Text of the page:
GlassCon Global is North America’s premier Technical Conference, bringing together global innovations in glass technology to further the development of the glass and glazing industry. Our team is pleased to have two papers accepted at this year’s GlassCon Global Conference in Chicago, September 5-7, 2018.
Further information and registration can be found here.
Session Overview: Silicone Spandrel Glass Coatings: Mitigating Glass Breakage Risk from Thermal and Other Stresses
Curtain wall design commonly uses insulating glass units for vision and spandrel glazing to provide better visual harmonization of building façade glass. Risks with this design approach include higher thermal stresses, especially when low-emissivity coatings are used on insulating glass units in spandrel areas. Ceramic enamel frit – commonly used to opacify spandrel glass – is known to induce a bending strength reduction of up to 50%. The ability of ceramic enamel frit coated glass to resist thermal stress is similarly reduced. Multiple incidences of thermal stress related fracture have occurred with heat-strengthened, ceramic enamel frit opacified spandrel glass. An increased chance of spontaneous breakage, by nickel sulfide inclusions, may occur if ceramic enamel frit opacified spandrel glass is fully-tempered to withstand the thermal stresses that it is exposed to.
Silicone spandrel glass coatings have been examined as a solution to prevent the strength reduction in heat-treated glass when ceramic enamel frit is applied as an opacifier. Four-point bending tests were used to investigate the flexural strength of coated heat-strengthened and fully-tempered glass. Ball drop testing was used to investigate the impact resistance of coated fully-tempered glass.
Co-Author: Stéphane Hoffman, Vice President, co-authored the paper Silicone Spandrel Glass Coatings: Mitigating Glass Breakage Risk from Thermal and Other Stresses. This paper will be presented by Chris Fronsoe.
Date & Time: Thursday, September 6 at 2:45 p.m.
Session Overview: Quality Assurance, Quality Control and Quality Fade
The need to demonstrate fiscal responsibility for public and private sector building projects typically drives owners, construction managers and general contractors in North America to consider cost savings available through the global supply chain. Global procurement is often relied upon for curtain wall, window wall and other fenestration systems and components. Global procurement has its opportunities and risks. Opportunities include reduced product cost and fabrication capabilities that are not available, or have only limited availability in North America such as jumbo-size low-emissivity coated glass and insulating glass units. Risks include language and cultural differences and long distance communication across many time zones causing confusion in design, ordering, delays in delivery, and problems with product quality. Nevertheless, the fiscal advantages can be considerable.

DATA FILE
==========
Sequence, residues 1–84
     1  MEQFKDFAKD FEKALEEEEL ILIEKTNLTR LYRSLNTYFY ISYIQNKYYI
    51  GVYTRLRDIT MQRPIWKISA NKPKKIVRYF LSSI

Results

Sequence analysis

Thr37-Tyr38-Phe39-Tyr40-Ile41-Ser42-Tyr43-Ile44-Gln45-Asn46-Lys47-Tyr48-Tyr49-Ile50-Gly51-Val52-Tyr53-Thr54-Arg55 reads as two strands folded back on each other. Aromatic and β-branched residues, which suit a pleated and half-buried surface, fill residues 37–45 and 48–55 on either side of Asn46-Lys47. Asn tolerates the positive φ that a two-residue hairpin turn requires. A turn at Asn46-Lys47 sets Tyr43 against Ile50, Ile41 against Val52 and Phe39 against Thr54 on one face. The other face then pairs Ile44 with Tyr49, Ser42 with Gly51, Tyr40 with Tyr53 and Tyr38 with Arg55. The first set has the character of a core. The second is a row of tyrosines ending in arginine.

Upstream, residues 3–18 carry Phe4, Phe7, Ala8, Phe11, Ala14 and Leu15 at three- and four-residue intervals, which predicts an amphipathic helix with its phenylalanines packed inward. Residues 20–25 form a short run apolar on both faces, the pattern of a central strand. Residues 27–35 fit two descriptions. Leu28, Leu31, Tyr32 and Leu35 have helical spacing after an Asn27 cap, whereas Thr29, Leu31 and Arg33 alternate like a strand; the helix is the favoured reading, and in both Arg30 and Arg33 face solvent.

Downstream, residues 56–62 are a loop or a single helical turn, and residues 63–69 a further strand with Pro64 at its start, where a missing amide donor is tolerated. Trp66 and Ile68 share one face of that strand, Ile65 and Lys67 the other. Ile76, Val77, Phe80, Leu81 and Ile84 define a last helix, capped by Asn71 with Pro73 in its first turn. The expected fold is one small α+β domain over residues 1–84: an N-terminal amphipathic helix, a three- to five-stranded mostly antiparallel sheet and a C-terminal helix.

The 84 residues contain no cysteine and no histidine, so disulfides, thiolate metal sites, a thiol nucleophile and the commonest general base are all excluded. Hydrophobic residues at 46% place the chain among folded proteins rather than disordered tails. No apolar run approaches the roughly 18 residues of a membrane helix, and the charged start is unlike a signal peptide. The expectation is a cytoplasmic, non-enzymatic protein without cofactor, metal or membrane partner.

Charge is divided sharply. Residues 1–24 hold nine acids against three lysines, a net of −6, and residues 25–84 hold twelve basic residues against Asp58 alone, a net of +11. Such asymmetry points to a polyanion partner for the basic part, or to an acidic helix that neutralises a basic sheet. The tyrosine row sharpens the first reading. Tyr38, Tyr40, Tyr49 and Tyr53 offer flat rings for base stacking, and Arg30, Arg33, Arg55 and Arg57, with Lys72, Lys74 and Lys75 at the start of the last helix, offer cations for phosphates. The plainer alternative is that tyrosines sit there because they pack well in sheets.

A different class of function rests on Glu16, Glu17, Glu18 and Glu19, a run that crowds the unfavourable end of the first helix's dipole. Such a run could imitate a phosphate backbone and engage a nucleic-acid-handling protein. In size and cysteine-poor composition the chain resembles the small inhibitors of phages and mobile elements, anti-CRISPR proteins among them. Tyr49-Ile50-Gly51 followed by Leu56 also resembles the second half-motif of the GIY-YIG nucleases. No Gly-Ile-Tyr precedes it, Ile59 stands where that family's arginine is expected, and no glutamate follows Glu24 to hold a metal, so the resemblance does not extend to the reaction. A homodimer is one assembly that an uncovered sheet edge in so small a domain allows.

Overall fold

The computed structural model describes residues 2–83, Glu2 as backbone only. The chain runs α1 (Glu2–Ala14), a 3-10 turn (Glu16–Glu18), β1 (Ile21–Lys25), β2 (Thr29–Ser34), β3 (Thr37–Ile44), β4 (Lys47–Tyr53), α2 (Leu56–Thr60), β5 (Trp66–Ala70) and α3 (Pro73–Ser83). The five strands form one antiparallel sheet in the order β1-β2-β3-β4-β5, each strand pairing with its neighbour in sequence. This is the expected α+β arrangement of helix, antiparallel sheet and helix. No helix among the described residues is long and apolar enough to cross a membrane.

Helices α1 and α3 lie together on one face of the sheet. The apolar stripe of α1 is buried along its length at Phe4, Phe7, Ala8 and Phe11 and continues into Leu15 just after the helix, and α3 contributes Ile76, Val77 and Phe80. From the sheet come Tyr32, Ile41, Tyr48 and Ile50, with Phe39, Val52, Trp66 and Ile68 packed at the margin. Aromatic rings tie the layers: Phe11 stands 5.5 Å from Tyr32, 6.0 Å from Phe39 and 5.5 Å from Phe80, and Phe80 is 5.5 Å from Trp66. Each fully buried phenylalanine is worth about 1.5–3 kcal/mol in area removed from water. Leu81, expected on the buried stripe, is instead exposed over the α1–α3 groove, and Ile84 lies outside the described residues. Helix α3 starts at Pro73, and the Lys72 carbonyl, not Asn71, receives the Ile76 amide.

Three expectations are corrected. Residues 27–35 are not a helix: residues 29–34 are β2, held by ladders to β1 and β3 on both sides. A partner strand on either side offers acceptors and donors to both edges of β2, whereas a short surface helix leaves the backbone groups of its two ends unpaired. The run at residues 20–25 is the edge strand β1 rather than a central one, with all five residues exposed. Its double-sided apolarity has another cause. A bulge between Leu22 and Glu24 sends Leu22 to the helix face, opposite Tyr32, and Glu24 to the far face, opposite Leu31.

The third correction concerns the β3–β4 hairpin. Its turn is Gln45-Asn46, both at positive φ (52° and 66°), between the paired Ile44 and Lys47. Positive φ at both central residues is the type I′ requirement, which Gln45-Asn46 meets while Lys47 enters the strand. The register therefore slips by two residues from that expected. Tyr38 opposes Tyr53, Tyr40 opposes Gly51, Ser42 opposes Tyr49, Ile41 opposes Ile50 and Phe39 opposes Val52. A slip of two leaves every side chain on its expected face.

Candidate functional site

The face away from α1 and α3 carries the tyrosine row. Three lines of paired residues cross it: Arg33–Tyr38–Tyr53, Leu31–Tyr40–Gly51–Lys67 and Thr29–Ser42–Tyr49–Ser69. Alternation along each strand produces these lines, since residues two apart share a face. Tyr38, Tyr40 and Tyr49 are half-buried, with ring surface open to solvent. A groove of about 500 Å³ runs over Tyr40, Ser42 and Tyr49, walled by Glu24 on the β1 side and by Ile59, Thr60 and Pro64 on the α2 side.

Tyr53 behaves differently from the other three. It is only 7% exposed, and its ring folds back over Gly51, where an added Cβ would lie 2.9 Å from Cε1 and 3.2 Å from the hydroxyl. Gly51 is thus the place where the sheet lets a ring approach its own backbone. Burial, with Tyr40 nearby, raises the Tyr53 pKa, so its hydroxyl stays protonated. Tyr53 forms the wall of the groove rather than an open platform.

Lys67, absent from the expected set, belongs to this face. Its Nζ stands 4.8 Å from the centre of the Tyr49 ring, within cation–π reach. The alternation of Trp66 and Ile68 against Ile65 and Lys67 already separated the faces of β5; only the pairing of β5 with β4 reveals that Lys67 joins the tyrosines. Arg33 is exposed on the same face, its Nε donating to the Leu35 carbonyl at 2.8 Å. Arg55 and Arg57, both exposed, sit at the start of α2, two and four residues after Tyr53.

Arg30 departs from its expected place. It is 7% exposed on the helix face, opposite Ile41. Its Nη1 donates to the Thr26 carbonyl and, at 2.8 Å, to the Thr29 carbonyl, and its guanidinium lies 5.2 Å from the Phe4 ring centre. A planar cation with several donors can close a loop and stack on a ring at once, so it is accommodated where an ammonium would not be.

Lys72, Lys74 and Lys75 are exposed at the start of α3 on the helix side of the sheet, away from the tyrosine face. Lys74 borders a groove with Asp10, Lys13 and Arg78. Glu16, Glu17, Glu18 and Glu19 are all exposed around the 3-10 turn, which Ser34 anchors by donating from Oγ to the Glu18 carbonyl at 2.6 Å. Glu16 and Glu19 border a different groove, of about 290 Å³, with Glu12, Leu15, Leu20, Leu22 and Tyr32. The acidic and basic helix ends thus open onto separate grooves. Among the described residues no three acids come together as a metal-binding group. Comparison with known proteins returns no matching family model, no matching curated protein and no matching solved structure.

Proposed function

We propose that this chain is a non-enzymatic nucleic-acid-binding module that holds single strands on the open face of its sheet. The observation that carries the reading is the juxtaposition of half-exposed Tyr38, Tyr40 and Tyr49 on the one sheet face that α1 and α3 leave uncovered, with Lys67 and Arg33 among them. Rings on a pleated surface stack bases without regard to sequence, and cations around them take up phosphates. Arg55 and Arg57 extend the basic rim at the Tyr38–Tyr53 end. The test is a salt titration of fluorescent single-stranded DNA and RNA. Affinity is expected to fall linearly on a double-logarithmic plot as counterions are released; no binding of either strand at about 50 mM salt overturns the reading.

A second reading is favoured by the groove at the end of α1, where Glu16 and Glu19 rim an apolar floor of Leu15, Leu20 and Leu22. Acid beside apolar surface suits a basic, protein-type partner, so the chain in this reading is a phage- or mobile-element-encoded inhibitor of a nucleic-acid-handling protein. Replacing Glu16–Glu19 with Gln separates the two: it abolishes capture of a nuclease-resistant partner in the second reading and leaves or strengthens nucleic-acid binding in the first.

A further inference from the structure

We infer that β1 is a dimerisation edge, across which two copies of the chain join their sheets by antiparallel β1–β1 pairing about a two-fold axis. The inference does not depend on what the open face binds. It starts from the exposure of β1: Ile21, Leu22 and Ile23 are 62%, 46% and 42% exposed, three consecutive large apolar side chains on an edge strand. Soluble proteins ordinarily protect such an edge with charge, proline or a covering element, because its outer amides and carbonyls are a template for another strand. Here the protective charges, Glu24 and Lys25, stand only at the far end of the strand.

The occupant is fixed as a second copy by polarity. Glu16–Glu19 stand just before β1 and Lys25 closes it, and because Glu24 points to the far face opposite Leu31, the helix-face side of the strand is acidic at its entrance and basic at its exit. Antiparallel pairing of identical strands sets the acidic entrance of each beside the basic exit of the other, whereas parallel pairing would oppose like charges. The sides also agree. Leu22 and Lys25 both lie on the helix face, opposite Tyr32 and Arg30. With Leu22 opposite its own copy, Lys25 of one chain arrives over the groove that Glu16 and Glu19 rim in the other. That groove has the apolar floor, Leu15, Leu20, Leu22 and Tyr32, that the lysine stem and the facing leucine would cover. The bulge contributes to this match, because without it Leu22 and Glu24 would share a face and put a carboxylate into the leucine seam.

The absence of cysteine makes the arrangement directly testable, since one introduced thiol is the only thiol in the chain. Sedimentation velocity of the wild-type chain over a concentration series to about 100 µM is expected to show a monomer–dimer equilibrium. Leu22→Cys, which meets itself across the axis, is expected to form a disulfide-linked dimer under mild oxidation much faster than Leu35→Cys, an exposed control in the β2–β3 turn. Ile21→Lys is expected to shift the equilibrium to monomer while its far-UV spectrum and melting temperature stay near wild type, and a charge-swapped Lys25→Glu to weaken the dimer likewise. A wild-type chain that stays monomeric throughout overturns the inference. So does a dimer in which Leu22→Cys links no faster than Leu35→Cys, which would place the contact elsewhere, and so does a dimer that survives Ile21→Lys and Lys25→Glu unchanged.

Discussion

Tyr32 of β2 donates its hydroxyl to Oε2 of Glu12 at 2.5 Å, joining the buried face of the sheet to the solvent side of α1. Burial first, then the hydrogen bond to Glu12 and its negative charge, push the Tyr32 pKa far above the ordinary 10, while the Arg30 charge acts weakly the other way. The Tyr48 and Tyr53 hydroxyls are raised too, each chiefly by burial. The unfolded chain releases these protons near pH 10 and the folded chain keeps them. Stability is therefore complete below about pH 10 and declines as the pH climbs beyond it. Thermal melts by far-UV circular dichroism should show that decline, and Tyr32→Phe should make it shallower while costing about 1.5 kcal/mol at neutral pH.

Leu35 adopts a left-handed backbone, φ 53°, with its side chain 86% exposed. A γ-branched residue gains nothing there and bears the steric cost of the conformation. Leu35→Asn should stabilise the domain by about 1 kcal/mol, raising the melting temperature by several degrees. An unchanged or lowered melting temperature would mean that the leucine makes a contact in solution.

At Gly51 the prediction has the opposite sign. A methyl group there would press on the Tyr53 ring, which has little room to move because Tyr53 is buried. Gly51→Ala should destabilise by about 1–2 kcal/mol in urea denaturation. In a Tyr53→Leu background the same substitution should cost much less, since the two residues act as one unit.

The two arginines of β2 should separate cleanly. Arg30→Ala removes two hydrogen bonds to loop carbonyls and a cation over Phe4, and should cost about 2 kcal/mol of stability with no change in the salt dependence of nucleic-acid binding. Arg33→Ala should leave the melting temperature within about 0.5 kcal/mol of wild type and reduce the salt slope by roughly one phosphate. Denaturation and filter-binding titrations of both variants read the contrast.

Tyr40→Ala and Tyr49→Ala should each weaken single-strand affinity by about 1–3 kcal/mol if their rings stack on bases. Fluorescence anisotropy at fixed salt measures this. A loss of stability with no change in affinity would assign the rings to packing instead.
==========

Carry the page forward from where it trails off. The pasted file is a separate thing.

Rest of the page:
Ensuring acceptable quality off-shore products is not just a matter of writing into a specification a requirement to comply with applicable building codes, standards and industry practice documents. These technical documents contain surprising limitations and omissions so that despite best efforts, a Quality Assurance (QA) plan and Quality Control (QC) program may not achieve the desired quality outcome. Even if initial product quality samples and production are correct, quality may diminish over time, an effect known as Quality fade (QF).
To be fair, QA, QC and QF can be an issue with domestic producers also. The same latitude in industry practices and standards available to off-shore suppliers is, of course, available to domestic suppliers. So whether or not fenestration systems are globally or locally procured, the building owners, the design team and the construction team should be aware of omissions and limitations of industry practices and standards to avoid unexpected surprises too late in the construction process to make changes.
Presenter: George Torok, Building Science Specialist, will be presenting his paper Quality Assurance, Quality Control and Quality Fade: An Alphabet Soup of Compliance Standards is not Enough. This paper was co-authored by Yvon Chiasson, Building Science Specialist.
Date & Time: Friday, September 7 at 1:30 p.m.
About our Speaker:
George Torok, Building Science Specialist
George brings a unique breadth and depth of experience to every project, with over 30 years of experience in building enclosure design, construction, performance assessment, failure investigation and rehabilitation for public and private sector buildings of all types across North America. George is a member of Morrison Hershfield’s Façade Engineering Team, working with building owners and design teams to achieve balanced, practical and innovative solutions, and providing peer support and mentoring internally. His focus is fenestration technology, including low-rise residential windows, doors and skylights, high-rise residential window wall, commercial curtain wall and custom, one-of-a-kind glazed architectural structures.